Tories retain Police and Crime Commissioner post in Thames Valley region - including MIlton Keynes, Oxfordshire and Buckinghamshire
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Conservative Matthew Barber finished top of the pile of first preferences with 267,404 votes to the 175,123 garnered by Labour’s Laetisia Carter.
As the winner needed to have at least 50 per cent of first preferences to win, the Lib Dems and an Independent were eliminated from the contest and second preference votes were added into the mix.
After the second preferences were counted the final result was:
Barber: 313,148 votes
Carter: 233,446 votes.
Oxfordshire resident Mr Barber had been the deputy to PCC Anthony Stansfeld since January 2017 and had already prepared a draft policing plan to put to the public.
It was Chipping Norton councillor Carter’s second attempt at winning the position after losing in 2016. The only female candidate, she put tackling violence against women and girls at the top of her agenda.
Lib Dem John Howson, also from Oxfordshire, has now tried and failed three times to get elected to the role at Thames Valley since PCCs were created in 2012.
Thames Valley is the largest non-metropolitan police force in the country. It covers over 2,200 square miles including Milton Keynes, Buckinghamshire, Berkshire and Oxfordshire and has a population of over 2.34 million people.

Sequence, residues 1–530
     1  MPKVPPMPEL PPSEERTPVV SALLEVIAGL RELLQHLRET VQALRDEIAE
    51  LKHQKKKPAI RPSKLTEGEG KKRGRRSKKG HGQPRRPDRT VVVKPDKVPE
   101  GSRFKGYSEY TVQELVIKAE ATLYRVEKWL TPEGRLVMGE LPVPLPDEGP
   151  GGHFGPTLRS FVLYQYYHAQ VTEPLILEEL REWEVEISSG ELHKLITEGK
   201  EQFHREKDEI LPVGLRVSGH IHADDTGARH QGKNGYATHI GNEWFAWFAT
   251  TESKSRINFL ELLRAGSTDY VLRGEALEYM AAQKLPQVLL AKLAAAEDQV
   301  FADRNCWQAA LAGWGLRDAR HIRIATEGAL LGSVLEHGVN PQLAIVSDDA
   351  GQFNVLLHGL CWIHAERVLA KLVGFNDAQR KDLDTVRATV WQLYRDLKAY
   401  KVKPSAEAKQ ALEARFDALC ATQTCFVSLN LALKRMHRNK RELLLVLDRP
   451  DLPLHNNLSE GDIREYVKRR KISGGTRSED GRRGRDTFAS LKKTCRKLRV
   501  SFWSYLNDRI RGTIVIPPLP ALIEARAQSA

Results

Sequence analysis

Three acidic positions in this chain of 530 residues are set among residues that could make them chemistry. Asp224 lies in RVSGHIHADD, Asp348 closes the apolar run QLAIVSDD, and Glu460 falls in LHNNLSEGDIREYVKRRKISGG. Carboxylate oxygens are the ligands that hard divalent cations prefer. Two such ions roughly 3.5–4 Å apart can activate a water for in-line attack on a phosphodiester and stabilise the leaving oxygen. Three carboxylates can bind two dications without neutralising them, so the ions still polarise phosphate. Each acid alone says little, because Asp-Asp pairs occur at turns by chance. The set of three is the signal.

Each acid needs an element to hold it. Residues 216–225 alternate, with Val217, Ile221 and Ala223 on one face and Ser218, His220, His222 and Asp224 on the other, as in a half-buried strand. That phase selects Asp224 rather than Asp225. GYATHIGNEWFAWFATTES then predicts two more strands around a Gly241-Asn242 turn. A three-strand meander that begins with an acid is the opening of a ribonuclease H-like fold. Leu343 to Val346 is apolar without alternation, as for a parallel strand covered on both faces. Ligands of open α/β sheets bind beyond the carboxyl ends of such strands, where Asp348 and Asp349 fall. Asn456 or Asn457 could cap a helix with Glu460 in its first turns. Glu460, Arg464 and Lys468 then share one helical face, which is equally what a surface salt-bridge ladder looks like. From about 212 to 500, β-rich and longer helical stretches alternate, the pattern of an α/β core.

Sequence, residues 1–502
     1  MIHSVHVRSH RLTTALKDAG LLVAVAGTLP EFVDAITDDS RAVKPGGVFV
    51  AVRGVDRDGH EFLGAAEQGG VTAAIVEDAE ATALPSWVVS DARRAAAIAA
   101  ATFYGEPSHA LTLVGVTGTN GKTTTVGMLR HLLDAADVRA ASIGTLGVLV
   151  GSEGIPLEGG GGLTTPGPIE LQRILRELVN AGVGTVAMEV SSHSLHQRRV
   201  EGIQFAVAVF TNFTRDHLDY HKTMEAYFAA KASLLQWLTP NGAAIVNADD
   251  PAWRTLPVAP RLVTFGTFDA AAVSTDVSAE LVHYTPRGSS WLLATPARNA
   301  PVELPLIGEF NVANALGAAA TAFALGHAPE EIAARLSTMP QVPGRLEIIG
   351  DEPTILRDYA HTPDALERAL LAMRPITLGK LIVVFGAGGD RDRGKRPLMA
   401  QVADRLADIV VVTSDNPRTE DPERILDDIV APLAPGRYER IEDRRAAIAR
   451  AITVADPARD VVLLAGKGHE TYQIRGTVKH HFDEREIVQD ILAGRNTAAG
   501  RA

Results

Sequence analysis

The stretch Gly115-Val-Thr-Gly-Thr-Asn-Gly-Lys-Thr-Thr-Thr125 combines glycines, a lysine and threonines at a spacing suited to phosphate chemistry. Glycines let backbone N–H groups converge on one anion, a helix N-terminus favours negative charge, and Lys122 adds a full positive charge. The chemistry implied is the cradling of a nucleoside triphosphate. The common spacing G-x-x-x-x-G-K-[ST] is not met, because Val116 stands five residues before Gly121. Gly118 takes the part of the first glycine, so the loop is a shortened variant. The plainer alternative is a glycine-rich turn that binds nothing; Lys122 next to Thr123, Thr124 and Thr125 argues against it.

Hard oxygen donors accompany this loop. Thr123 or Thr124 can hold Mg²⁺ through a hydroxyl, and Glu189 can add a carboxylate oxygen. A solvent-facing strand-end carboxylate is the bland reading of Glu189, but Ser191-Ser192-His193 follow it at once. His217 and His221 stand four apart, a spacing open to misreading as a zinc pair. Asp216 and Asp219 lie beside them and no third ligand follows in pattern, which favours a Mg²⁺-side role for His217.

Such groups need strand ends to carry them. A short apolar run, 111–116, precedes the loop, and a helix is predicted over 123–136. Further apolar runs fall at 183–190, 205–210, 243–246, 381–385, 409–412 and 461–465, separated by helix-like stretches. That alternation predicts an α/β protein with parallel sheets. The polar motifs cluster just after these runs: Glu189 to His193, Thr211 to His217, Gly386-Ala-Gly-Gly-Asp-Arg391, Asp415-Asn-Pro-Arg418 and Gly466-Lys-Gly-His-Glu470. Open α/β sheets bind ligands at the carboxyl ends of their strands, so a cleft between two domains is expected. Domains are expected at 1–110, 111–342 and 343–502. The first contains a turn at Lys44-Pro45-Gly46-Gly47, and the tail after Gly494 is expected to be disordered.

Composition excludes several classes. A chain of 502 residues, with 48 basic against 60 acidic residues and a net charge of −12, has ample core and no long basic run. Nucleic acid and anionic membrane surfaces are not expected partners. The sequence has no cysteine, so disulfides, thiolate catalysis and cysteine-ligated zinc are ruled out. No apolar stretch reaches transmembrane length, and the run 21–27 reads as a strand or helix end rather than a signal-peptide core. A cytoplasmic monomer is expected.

In Milton Keynes the first round result put the Conservatives on top with 30,764 votes, to Labour’s 24,219. The Lib Dems trailed in third with 8,836 and the Independent candidate, a former Thames Valley police sergeant scored a creditable 6,231.
Police and crime commissioners at the 43 police forces in the country propose plans of action, can hire and fire chief constables, and propose budgets.
Mr Barber has held the position of deputy police and crime commissioner since January 2017 and has already prepared a draft policing plan to consult on.
The complete result after the first round of voting was:
Barber (Cons): 267,405
Carter (Lab) 175,123
Howson (Lib Dem): 110,073
Robinson (Ind): 77,210
No candidate having achieved the 50 per cent of votes plus one needed to give them an unassailable lead, the voting went to a second round to count voters’ second preferences.
The result of the vote in 2016 after the contest went to a second round was Conservatives 202,396 and Labour 172,717.